Bankruptcy and Judgments

Posted on September 28th, 2014 in Bankruptcy Basics, Bankruptcy Planning, BAPCPA, Chapter 13, Chapter 7, Dischargeability, Post-Bankruptcy, Procedure | No Comments »

One of the issues that periodically concerns my clients is the one of removing filed judgments after receiving bankruptcy discharge. Initially, filing for Chapter 7 bankruptcy won’t remove a judgment that has been already filed. Whether or not the debtor will need to remove it after receiving a discharge in either Chapter 7 or Chapter 13 Bankruptcy depends on each individual situation.

When a debtor files for Chapter 7 bankruptcy, that debtor is trying to remove his or her personal liability for repayment of certain debts. If a creditor sued the debtor and obtained a judgment before the bankruptcy case was filed, then the bankruptcy filing will eliminate that liability, but the judgment is a separate matter. It is a record of an official result of a lawsuit and remains filed with the court or local county clerk’s office. Even when the bankruptcy discharged liability for the debt, the record of the judgment remains in place.

In those situations, debtors have two different options.  Option one is to do nothing. Assuming the underlying debt is has been discharged in your Chapter 7 bankruptcy case, the judgment remains nothing more than a piece of paper.
The creditor cannot freeze debtor’s bank account, seize wages, or take any further collection action. However, the judgment may remain on record as a valid lien against any property you owned at the time your Chapter 7 bankruptcy was filed. In New York, the judgment is automatically a lien against real property. The creditor can’t do anything with the lien, but it will need to be paid off in the event that you try to sell the property while the judgment is in place, or removed via a motion under Section 522(f) of the Bankruptcy Code. A judgment does not last forever. Judgments expire in 10 years under  New York laws, but may be extended of an additional 10 year period.

Some debtors prefer to have discharged judgments removed. That brings us to option two. Under New York Debtor and Creditor Law Section 150, once a year has passed since the debtor’s discharge in bankruptcy, the debtor may apply for an order, directing that a discharge or a qualified discharge of record be marked upon the docket of the judgment.  If the debtor fails to take this action, the judgment will remain on record with the New York Supreme Court or New York Civil Court and will remain enforceable.

Given the above, the debtors have options in dealing with any discharged judgments. Each debtor’s financial circumstances and other factors will factor into the decision whether to have any outstanding judgments removed. In my experience, unless the judgment is impairing the debtor’s interest in real property, vast majority of debtors will not seek to remove discharged judgments.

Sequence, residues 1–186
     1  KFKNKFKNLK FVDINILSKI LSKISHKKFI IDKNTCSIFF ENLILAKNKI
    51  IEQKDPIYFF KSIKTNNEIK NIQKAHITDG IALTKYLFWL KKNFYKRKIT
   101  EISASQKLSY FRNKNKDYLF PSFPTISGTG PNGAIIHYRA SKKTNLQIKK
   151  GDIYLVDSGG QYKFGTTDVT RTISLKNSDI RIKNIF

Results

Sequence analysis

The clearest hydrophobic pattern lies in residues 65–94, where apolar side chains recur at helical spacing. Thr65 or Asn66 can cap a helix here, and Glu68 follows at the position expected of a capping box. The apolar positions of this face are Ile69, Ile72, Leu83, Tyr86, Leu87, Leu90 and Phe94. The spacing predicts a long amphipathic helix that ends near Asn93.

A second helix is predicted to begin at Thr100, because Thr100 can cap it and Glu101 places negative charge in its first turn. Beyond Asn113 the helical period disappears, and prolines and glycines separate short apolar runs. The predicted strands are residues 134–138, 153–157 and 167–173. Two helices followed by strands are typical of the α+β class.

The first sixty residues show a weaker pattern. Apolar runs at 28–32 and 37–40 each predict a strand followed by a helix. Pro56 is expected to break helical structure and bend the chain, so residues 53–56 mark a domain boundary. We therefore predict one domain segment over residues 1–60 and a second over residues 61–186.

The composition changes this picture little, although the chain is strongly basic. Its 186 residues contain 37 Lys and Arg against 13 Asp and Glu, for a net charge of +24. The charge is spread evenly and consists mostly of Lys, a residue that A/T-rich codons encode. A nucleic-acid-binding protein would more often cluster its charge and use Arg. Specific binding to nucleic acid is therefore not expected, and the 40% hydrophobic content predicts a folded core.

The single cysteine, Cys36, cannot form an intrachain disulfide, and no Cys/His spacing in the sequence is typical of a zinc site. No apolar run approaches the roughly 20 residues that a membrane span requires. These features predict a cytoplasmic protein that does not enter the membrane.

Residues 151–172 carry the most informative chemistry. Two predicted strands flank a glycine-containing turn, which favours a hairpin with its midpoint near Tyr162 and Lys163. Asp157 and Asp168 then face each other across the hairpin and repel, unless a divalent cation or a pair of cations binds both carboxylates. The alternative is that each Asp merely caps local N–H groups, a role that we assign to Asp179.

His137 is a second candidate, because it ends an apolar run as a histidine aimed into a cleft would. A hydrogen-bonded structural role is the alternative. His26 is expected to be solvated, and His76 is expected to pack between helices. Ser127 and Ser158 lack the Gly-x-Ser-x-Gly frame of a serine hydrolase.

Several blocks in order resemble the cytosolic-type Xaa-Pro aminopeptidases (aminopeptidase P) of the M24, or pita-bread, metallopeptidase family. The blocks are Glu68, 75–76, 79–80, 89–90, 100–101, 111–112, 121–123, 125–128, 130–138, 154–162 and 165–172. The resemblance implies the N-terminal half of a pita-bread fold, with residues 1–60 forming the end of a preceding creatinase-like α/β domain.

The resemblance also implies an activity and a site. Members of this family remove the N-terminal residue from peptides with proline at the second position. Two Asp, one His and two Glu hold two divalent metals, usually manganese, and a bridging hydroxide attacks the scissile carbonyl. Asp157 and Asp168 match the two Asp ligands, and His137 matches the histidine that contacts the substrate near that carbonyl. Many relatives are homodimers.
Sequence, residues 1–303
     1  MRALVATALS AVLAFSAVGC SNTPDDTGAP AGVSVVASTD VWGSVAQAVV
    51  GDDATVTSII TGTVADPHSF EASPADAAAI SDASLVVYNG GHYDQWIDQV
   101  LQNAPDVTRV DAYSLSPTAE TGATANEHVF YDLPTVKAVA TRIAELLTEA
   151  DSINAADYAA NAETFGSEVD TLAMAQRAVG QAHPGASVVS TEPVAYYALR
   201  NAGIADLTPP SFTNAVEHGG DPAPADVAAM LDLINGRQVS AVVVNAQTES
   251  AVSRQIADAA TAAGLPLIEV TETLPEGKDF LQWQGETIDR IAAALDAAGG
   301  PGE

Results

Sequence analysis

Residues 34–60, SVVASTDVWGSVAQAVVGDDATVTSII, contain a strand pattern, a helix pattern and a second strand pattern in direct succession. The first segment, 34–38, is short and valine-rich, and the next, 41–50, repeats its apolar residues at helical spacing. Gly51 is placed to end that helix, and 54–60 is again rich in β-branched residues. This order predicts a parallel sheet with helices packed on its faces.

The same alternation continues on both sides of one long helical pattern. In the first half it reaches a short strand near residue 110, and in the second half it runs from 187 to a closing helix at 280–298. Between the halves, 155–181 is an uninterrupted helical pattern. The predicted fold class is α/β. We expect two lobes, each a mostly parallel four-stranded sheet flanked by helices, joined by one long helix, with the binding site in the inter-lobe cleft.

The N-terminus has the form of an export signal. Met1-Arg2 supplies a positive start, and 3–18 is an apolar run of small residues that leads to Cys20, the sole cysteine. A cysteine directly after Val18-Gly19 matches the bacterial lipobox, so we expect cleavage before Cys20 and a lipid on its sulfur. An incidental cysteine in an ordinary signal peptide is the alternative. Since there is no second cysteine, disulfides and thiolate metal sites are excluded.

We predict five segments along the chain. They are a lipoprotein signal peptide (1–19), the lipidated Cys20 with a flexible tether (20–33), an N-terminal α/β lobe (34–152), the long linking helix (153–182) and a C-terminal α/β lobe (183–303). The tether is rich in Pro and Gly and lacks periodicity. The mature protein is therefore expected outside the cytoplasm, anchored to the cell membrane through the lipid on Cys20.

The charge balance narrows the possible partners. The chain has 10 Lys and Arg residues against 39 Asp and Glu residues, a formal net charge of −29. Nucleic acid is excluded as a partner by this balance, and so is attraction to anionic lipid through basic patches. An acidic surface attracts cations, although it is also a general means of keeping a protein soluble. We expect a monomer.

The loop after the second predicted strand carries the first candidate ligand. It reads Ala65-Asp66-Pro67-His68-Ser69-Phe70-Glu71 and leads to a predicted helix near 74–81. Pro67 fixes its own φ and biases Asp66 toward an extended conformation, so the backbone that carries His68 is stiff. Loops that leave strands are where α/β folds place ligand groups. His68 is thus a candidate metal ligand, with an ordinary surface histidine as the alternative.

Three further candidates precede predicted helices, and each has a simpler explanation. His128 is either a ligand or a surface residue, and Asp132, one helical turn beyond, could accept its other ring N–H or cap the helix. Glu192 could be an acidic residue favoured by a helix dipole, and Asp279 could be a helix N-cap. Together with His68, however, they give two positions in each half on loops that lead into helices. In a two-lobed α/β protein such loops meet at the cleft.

If you contemplating filing Chapter 7 Bankruptcy or Chapter 13 Bankruptcy, or are dealing with debt problems in Western New York, including Rochester, Canandaigua, Brighton, Pittsford, Penfield, Perinton, Fairport, Webster, Victor, Farmington, Greece, Gates, Hilton, Parma, Brockport, Spencerport, LeRoy, Chili, Churchville, Monroe County, Ontario County, Wayne County, Orleans County, Livingston County, and being harassed by bill collectors, and would like to know more about how bankruptcy may be able to help you, contact me today by phone or email to schedule a FREE initial consultation with a Rochester, NY, bankruptcy lawyer.

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Banking After Bankruptcy

Posted on September 7th, 2014 in Bankruptcy Basics, Bankruptcy Planning, Chapter 13, Chapter 7, credit, Post-Bankruptcy, Procedure | No Comments »

Most debtors are concerned about being able to open bank accounts after completing their bankruptcy and receiving their discharge. While most debtors will not have any difficulty opening new bank accounts, some debtors are unable to open a checking account after receiving their bankruptcy discharge. Typically, this is true for the debtors who have had a problematic history with their bank, involving bounced checks or excessive overdraft activity. As a result this negative information was reported to a check reporting company known as Chex Systems. Such negative information remains in this database service for five (5) years and is readily accessed and utilized by its members (usually financial institutions) in making decisions about who will be allowed to open new checking account.

While the debtors will not be removed from Chex Systems just because their debt to the bank was discharged in bankruptcy, as it is not required to remove a previously submitted, accurate report. However, Chex Systems is credit reporting agencies just like Equifax, Experian and Trans Union, and as such are required to follow the Fair Credit Reporting Act (“FCRA”) and other laws. The banks reporting to Chex Systems are required to regularly update their consumer reports with accurate information. Accordingly, when the debt that formed the basis of their negative report is discharged in bankruptcy, the member bank must report the account as “$0.00 balance due, discharged in bankruptcy”, or something similar. If this is not done, there is a dispute procedure that is very similar to the procedure employed to fix a credit report that is includes inaccurate, post-bankruptcy entries: